The Indian Scenario
For over a decade-and-a-half, the Indian armed forces and intelligence agencies have been operating the Searcher Mk II and the Heron unmanned aerial vehicles (UAV) acquired from Israel. These platforms have been and can only be employed for reconnaissance and surveillance, their role effectively being limited to intelligence gathering. The Indian aerospace industry in the public sector has designed, developed and manufactured UAVs though of relatively lower capability, such as the Lakshya and the Nishant. These UAVs have been in service for a considerable period of time. Other indigenous platforms that have been under development for some time are the two variants of the Rustom. Three years ago, the Indian Air Force (IAF) inducted a few of the Harop unmanned combat aerial vehicle (UCAV) from Israel. This is a loitering platform designed for suppression of enemy air defence or SEAD missions and is armed with explosives. However, the Harop does not drop bombs of fire missiles; it destroys the target by crashing into it.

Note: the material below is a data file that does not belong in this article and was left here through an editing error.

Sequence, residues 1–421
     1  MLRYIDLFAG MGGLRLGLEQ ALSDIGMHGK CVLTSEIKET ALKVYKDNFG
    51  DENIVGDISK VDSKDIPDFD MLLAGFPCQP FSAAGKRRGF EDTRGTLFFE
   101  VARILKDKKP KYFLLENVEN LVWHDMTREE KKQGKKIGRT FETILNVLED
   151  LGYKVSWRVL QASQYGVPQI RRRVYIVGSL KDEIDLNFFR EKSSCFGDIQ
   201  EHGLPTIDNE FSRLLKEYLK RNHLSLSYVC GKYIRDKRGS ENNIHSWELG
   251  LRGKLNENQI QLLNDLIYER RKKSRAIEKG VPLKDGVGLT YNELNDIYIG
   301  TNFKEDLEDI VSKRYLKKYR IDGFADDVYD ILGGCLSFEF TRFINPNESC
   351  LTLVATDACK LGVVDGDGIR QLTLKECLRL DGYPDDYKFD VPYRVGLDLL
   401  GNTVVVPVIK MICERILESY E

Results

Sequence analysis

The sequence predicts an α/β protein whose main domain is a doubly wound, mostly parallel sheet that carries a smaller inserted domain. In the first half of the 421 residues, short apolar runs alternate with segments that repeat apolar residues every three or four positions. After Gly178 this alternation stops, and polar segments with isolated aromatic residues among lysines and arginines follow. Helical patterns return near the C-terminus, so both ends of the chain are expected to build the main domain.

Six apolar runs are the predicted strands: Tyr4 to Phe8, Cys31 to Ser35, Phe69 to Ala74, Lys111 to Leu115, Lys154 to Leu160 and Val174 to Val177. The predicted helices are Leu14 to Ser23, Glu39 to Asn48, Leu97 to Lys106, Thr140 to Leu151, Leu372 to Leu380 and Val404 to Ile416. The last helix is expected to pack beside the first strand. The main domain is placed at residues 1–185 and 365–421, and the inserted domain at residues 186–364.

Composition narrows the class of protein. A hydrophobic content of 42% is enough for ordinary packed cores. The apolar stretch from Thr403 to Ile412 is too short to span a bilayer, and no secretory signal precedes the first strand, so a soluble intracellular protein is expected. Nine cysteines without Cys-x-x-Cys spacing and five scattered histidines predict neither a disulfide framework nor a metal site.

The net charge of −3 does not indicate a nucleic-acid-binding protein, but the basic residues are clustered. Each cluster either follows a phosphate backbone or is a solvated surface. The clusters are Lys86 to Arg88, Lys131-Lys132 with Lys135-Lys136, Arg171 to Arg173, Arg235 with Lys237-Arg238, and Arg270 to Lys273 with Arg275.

The Indian aerospace industry is currently engaged in developing the autonomous unmanned combat aerial vehicle designated as the autonomous unmanned research aircraft (AURA). The platform is planned to be inducted into the IAF and the Indian Navy. Details of the platform are classified and hence are not available in public domain.
Although unmanned platforms are relatively a recent innovation in the regime of military aviation, the leading air forces of the world are now inclined to accord these machines greater preference compared to manned aircraft. In fact, every year, the USAF trains more UAV operators than combat pilots. The erstwhile US Secretary of Defense, Robert Gates had predicted that the F-35 Lightening II joint strike fighter would be the last manned fighter the USAF would buy. For the IAF, as also for other air forces, acquisition, operation and maintenance of large fleets of manned combat aircraft is tending to become increasingly unaffordable. The recent shift of focus of the IAF from manned combat aircraft to unmanned platforms, both to UAVs and UCAVs, was therefore inevitable and quite understandable. Also, in the context of the rapidly dwindling fleet of combat aircraft in the IAF, the need to induct advanced modern unmanned platforms both for reconnaissance and combat, has acquired a high degree of urgency. However, as the pace of development of unmanned platforms by the Indian aerospace industry has been extremely tardy, the IAF would have no option but to explore options for the acquisition of the required capability from foreign sources.